ELD, DVIR & Fuel Tax Compliance

ELD, DVIR & Fuel Tax Compliance

Speed up processes and submit accurate data with Navistream DOT-compliant solution

Compliance is necessary to keep your fleet safe, productive and operational while having non-inspected vehicles, incorrect IFTA reports or inaccurate logbooks results in fines, potential down-time and ultimately hurts your bottom line.

Navistream’s workflow ensures compliance with HOS, RODS, DVIR and Fuel Tax Mileage.

What is the ELD mandate?

The ELD Mandate has been in effect since December 18, 2017, in the United States and since January 1st, 2023, in Canada. The mandate requires all commercial motor vehicles (CMV) to have an electronic logging device (ELD) on board to comply with the Federal Motor Carrier Safety Administration (FMCSA) and Transport Canada regulations. ELDs have replaced all existing paper logs used to record Hours of Service (HOS).


What is DVIR?

As specified by the Commercial Vehicle Driver’s Hours of Service Regulations, a Driver Vehicle Inspection Report (DVIR) needs to be completed and submitted by drivers on a daily basis for each vehicle they operate. The purpose of the report is to check the state of several aspects of the vehicle and its equipment – including brakes, couplings, lights and tires, and indicate safety defects or mechanical problems. It pushes the driver to inspect his vehicle carefully before and and after every trip. The pre-trip inspection consists of reviewing the last DVIR completed on the vehicle and repairing any defects prior to starting a new shift.


What is IFTA?

When transporting goods or passengers across several states, motor carriers must comply with the International Fuel Tax Agreement (IFTA). This agreement between the Canadian provinces and 48 American states facilitates the way transportation companies report and pay fuel taxes. As a result of IFTA, carriers just need to file a single quarterly fuel tax report to their base jurisdiction even though they have traveled in other IFTA jurisdictions. Fuel taxes are then redistributed between states depending on where the fuel was consumed. Concretely, if truck drivers pay fuel tax at the pump in a state but burn it in another state, fuel tax equalization between states must ensue.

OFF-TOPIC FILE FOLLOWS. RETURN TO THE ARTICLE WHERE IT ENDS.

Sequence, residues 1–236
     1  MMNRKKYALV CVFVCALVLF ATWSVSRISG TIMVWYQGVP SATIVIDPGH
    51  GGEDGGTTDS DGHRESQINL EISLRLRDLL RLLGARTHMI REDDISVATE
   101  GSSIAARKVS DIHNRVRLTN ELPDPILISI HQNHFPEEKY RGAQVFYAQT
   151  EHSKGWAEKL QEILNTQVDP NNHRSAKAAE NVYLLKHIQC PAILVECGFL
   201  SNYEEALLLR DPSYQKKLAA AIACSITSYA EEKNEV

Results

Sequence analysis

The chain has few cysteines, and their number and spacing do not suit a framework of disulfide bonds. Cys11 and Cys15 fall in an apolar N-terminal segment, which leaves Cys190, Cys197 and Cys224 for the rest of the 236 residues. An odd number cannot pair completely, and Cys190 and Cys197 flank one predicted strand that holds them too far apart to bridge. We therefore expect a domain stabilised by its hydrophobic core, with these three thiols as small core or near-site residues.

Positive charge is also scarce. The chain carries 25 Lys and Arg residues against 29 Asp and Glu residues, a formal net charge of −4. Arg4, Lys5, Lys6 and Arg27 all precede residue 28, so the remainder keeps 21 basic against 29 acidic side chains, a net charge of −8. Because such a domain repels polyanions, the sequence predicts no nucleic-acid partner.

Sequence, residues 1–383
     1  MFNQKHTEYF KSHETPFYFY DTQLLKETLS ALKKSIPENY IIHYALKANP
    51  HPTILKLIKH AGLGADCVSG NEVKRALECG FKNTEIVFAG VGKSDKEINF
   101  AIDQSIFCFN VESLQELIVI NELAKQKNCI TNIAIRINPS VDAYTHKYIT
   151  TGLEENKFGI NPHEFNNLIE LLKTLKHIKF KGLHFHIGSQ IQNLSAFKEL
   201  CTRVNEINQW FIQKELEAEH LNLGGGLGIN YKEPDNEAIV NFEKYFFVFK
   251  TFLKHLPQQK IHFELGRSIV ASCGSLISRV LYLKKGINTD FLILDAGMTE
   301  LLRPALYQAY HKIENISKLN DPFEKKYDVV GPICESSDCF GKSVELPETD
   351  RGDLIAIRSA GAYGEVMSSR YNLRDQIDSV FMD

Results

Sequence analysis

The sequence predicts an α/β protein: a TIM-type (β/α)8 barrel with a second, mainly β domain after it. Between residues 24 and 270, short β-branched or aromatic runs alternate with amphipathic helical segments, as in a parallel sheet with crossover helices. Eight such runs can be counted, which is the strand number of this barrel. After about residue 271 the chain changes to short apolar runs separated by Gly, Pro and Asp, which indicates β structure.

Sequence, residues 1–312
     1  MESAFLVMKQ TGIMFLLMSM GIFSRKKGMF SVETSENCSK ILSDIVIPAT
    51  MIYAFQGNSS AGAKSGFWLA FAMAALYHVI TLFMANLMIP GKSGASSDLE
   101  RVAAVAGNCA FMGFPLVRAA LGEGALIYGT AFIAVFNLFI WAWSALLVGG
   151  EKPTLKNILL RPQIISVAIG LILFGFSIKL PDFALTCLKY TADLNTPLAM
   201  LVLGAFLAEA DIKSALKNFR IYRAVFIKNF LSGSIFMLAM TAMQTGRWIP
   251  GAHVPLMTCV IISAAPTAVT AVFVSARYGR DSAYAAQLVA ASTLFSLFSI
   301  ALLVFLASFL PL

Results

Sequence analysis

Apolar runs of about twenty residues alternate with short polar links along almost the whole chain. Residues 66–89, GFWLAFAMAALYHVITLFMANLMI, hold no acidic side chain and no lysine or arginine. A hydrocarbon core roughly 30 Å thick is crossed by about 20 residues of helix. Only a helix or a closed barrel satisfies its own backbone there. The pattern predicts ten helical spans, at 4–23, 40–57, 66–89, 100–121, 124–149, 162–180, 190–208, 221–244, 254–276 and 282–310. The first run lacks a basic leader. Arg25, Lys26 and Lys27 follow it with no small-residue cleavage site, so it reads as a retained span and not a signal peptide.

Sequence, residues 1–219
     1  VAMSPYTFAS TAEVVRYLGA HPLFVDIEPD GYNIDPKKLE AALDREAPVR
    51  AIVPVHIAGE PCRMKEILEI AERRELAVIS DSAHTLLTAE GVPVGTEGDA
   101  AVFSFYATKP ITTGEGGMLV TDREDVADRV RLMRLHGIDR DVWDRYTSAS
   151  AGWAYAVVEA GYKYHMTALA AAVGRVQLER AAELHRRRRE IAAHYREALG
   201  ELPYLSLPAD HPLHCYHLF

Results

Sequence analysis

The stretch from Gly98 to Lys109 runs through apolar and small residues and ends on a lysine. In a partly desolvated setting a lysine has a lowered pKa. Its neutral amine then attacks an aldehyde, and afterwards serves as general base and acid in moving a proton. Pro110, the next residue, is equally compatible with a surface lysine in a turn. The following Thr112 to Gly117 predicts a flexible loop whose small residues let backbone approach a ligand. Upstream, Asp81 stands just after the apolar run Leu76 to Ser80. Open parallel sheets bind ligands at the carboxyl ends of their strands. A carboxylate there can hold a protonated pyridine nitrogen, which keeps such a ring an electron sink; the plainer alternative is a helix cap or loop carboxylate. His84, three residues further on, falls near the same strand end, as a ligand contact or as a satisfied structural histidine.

Motor carriers are required to pay more tax in the state where they use more fuel. The IFTA report determines which states owe you a refund and which states should be paid tax. That is why it is important for truck drivers to retain all of their fuel receipts and trip sheets, so they can prove when / where / how much fuel they purchased and when / where they used it. However, with our on-board fuel tracking device, drivers no longer need to worry about these details. Fuel tax reports are automatically generated within the platform, relieving drivers of the hassle of completing fuel consumption-related files.


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